Just take a moment to enjoy Tim Bowen's explanation of the uses of this really handy word. It might just be worth your while!

If you want to make a request more polite, or perhaps a bit more tentative, simply add the really useful word just, as in 'Can I just borrow your pen for a second?' or 'Could I just interrupt for a moment?' (note the position of just in these two questions). Arguably, the main use of just is to mean 'a short time ago or before', as in ‘Susan was just telling me about your new job’ or ‘He had just arrived in Australia when the accident happened’. Then with the broad meaning of ‘only’, we have examples like ‘The medicine costs just a few pence to produce’ and ‘It was just a stupid mistake’.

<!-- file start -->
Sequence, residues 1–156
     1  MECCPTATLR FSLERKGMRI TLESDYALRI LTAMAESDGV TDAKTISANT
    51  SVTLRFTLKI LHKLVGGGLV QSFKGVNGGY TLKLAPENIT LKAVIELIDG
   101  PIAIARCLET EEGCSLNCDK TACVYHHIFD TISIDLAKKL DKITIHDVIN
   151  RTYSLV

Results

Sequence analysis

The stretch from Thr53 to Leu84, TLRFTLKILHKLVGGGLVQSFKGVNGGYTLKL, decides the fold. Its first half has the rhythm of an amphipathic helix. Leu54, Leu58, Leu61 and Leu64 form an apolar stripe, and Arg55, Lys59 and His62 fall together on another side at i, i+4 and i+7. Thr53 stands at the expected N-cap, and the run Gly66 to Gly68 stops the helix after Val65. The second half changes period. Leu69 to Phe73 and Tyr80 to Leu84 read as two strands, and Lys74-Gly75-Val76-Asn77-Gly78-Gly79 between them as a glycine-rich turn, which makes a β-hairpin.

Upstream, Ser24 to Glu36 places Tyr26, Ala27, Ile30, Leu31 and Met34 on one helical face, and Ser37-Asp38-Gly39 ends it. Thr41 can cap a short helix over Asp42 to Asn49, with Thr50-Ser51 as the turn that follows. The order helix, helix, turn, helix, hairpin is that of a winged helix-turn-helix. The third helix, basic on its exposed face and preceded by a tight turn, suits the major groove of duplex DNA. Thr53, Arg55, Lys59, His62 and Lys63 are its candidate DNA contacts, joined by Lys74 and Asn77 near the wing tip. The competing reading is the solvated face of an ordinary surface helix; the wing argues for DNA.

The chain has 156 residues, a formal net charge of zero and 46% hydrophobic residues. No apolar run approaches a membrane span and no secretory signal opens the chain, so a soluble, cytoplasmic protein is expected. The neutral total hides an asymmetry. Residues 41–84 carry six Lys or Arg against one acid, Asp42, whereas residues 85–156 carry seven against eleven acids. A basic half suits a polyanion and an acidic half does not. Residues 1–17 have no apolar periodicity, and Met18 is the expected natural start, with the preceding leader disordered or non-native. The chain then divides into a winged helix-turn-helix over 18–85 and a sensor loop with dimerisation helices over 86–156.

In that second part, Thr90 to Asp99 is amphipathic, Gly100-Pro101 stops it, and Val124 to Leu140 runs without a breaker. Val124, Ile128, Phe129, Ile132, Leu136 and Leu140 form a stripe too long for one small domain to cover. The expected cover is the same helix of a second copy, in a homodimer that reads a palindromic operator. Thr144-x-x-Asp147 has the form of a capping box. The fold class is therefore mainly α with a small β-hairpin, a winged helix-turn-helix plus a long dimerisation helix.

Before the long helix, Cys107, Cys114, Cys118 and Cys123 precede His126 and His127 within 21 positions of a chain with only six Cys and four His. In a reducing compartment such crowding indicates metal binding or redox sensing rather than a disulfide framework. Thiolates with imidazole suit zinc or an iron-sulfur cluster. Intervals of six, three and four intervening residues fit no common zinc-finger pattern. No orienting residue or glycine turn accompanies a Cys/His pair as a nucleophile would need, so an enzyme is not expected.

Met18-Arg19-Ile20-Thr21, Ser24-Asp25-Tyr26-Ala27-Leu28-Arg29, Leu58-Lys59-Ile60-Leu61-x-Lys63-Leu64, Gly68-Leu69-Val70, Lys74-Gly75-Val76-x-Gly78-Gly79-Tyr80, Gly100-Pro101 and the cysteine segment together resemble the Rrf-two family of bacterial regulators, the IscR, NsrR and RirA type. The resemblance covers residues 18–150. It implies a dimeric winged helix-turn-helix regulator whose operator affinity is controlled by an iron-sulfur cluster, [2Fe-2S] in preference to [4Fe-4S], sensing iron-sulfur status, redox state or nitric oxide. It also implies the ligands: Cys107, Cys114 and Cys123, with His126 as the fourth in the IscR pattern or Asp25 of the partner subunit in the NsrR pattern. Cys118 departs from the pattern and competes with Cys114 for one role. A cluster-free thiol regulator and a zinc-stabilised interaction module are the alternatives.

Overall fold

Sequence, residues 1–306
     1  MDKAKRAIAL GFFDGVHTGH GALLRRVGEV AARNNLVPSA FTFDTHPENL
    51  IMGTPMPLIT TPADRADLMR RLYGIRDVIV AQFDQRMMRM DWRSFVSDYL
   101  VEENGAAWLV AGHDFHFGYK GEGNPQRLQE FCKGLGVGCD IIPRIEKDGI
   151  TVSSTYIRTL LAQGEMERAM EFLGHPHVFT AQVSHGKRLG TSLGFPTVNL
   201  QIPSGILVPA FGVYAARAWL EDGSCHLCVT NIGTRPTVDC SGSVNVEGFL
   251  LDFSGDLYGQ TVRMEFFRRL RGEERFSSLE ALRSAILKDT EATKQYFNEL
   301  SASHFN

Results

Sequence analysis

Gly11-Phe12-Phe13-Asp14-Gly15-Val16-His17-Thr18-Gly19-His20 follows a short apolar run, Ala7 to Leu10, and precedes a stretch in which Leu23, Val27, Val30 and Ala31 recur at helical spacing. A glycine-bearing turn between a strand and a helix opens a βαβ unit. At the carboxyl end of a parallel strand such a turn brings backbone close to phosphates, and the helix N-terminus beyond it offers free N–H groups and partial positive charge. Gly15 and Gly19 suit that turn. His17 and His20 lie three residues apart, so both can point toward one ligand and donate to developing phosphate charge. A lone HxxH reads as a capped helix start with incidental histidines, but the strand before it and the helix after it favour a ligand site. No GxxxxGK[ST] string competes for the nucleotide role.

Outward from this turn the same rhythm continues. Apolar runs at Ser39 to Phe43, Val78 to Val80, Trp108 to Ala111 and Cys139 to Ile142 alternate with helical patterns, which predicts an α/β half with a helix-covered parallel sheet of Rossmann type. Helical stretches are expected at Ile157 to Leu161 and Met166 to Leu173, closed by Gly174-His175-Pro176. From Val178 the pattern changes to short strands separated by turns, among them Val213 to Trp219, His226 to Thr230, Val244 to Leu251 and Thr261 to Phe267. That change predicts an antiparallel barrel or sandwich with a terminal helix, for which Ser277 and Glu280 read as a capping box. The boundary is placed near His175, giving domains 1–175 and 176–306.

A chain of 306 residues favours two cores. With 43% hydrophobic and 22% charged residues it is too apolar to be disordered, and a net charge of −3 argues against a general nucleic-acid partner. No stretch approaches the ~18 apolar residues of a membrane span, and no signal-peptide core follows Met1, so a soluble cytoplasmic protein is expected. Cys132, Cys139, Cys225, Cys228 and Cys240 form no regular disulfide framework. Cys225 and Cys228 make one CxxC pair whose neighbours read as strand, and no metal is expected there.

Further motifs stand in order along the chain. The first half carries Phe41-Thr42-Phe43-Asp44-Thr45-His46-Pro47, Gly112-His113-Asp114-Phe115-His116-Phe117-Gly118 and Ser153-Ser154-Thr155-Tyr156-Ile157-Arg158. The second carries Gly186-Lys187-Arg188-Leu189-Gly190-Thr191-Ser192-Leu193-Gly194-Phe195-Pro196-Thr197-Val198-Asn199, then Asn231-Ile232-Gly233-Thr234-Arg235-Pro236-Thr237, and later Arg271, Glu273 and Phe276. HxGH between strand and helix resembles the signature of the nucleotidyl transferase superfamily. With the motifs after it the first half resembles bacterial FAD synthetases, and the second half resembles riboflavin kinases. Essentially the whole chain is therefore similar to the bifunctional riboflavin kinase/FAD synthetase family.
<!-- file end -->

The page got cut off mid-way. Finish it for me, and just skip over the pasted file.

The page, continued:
Another meaning of just is ‘exactly’, as in ‘Thank you so much, it was just what I wanted’ or ‘He’s just like his father’. Mainly used in spoken English, although not exclusively so, just can also express strong emphasis, as in 'I just can't believe what's happened' or 'It was just awful seeing her so miserable'. Then there is the use of just in the broad category of ‘when something almost does not happen’, as in ‘The four girls just managed to squeeze into the back of Rick’s car’, 'He passed the exam but only just' and 'We should just catch the train if we run'. Finally, in an embarrassing situation when you find it necessary to explain your reaction to something, you might find the expression ‘it’s just that’ a useful one, e.g. ‘Can you lend me £20?’ ‘Well, it’s just that I’m a bit short myself at the moment’.